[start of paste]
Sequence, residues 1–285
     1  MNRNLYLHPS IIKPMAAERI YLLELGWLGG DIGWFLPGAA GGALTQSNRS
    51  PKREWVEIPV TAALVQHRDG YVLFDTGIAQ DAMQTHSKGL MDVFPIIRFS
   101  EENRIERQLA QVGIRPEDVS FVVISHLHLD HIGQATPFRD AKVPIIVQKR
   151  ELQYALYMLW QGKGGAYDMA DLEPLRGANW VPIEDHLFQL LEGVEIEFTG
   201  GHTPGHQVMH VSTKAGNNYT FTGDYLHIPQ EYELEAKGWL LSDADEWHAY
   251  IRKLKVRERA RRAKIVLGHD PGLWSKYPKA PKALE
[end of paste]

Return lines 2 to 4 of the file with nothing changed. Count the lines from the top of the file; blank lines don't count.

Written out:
     1  MNRNLYLHPS IIKPMAAERI YLLELGWLGG DIGWFLPGAA GGALTQSNRS
    51  PKREWVEIPV TAALVQHRDG YVLFDTGIAQ DAMQTHSKGL MDVFPIIRFS
   101  EENRIERQLA QVGIRPEDVS FVVISHLHLD HIGQATPFRD AKVPIIVQKR